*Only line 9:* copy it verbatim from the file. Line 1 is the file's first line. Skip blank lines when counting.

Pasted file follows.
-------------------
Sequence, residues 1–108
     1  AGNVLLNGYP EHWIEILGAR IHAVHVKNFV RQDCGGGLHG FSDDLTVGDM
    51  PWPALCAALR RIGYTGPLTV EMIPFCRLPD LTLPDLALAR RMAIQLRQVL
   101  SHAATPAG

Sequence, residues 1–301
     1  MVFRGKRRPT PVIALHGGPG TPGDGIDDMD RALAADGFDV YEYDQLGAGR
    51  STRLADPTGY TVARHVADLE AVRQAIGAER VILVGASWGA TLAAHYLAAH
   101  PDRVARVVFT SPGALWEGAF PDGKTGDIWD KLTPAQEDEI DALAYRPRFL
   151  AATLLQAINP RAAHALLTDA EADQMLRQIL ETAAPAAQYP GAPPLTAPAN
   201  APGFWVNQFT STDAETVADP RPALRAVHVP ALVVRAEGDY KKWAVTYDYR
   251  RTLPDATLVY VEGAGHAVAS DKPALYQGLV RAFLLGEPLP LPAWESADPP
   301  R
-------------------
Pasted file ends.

   151  AATLLQAINP RAAHALLTDA EADQMLRQIL ETAAPAAQYP GAPPLTAPAN